conditional sentences

0

Consider the following sentence:"The latest version of Firefox for desktop is out now. If you already have it, you've probably noticed a few changes." Which type of conditional forms is true for this statement? The main problem is using present perfect in conditional form which I can't find in any possible forms.

3 answers


1

"The latest version of Firefox for desktop is out now. If you already have  it, you will  probably notice a few changes."

 

   If +Subject + present tense verb...................Subject +will +present tense verb. ( First conditional)

link answered Jul 03 '12 at 12:59 sanjay Expert

Well, thanks, but you have changed the verb tense in result clause. In fact,I couldn't find any examples in reference books using simple present in if clause and present perfect tense in result clause. It is definitely conditional form Type I, but I haven't found any other examples yet.

beautiful mindJul 03 '12 at 15:23

add comment
1

The closest I come is that your sentence is -- almost -- a conditional perfect, which is a variant of a Type I conditional. However, conditional perfects always include would.

 

If you already have (possess) it, you would have noticed a few changes.

link answered Jul 03 '12 at 14:15 Jeff Pribyl Grammarly Fellow

Thanks, I haven't seen the above form any where else. could you possibly give me any reference or other examples? Are you sure that we can use would+have+ p.p in Type I?

beautiful mindJul 03 '12 at 15:26

The comment field is too limiting, so I've added a second answer.

Jeff PribylJul 03 '12 at 16:19

add comment
1

I've been trying to recreate where I found the conditional perfect linked with Type I conditionals, but I can't this morning.  The more I review my information about the conditional perfect -- would/could/should + have + past participle-- the more I question my memory. The conditional perfect construction is used for conditional situations occurring in the past; it expresses thoughts which are or may be contrary to present fact. This does not square with Type I conditionals.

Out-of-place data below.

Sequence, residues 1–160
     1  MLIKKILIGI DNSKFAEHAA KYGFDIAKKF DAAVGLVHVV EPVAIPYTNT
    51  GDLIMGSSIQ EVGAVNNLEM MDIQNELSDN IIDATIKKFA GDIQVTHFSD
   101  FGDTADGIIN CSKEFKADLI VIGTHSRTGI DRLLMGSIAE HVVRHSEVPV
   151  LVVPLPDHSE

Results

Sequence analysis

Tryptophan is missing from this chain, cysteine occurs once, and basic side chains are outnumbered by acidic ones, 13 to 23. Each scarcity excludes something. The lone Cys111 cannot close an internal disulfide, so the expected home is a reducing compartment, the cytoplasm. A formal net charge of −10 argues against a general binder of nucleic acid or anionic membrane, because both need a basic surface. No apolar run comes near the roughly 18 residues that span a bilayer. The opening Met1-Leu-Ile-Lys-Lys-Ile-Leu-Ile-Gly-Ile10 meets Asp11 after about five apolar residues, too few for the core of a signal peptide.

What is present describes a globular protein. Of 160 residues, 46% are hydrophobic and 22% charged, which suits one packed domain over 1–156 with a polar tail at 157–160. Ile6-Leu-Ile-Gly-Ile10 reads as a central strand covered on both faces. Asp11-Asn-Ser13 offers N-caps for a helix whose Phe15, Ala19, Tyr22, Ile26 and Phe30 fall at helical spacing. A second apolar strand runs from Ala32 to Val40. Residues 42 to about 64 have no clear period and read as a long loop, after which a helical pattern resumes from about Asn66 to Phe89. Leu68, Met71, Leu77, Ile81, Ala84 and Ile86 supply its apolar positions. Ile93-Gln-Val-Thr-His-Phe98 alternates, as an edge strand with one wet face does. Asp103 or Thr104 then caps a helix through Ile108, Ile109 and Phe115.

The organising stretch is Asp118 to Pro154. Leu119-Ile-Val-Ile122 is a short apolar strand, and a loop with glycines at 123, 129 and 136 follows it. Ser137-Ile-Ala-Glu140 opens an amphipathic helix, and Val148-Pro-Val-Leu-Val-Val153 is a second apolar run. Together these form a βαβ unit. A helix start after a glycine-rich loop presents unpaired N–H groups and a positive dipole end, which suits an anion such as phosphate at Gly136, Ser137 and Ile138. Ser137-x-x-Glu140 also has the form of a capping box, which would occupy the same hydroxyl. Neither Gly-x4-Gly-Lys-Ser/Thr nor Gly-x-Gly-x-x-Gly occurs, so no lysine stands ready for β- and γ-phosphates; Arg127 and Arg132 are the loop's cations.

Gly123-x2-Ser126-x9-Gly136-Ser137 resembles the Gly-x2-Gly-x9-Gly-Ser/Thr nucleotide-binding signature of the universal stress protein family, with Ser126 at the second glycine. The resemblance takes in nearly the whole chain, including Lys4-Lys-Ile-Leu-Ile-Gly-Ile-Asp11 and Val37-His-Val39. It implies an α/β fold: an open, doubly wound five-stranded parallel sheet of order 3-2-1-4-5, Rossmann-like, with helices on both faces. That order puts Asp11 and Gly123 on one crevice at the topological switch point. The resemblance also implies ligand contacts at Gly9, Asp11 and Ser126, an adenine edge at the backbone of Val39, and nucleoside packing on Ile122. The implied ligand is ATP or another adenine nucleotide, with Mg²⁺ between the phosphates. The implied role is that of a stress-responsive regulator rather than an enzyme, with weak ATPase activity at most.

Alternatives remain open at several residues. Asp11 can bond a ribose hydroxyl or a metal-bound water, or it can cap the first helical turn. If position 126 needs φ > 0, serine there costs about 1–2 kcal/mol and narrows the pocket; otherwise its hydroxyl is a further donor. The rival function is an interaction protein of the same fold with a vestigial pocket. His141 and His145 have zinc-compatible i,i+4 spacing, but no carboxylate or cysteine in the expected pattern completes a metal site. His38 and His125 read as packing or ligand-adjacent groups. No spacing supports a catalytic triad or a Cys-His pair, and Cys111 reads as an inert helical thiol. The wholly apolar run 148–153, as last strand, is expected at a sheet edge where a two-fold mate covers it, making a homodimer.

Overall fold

Like you, I cannot find any examples where present perfect occurs in the result clause of a conditional. However, I find many examples of the present perfect occurring in the if clause. Nonetheless, your usage "sounds" right.

 

Let's go back to first principles for a moment. A Type I conditional is used to express something that is possible and is also very likely that it will be fulfilled.  By your intended meaning, this is the form you want. As Sanjay noted, the if clause uses the present tense and the result clause typically uses the simple future.  But my references also say the result clause can use the future perfect tense.

 

Could this be our problem?  Perhaps we have misused the contraction you've for the increasingly rare and awkward you'll've?

 

Rather than saying you have probably noticed, say instead you will have probably noticed and your sentence meets all of the requirements for a Type I conditional.

 

To avoid splitting the infinitive --> you probably will have noticed ...

link edited Jul 03 '12 at 16:22 Jeff Pribyl Grammarly Fellow

Thanks for your complete answer. As I understood you are saying that the original sentence lacks something which is 'will', right? I have also found that in Type I we can use future perfect tense. So we can conclude that we don't have such form as : "If I +simple present, I have done..." in English conditionals , right?

beautiful mindJul 03 '12 at 16:51

This is the original text by Firefox company:

"New Firefox, New Features
The latest version of Firefox for desktop is out now. If you already have it, you've probably noticed a few changes. If you don't, now's a perfect time to get it. (It's OK, we'll wait.) Ready? Great!

Read more: http://pkmkarangduren.blogspot.com/2012/06/5-minutes-to-faster-firefox.html#ixzz1za1Gx7un
Under Creative Commons License: Attribution Share Alike"

What do you say?

beautiful mindJul 03 '12 at 17:04

add comment

Your answer


Write at least 20 characters

Have a question about English grammar, style or vocabulary use? Ask now to get help from Grammarly experts for FREE.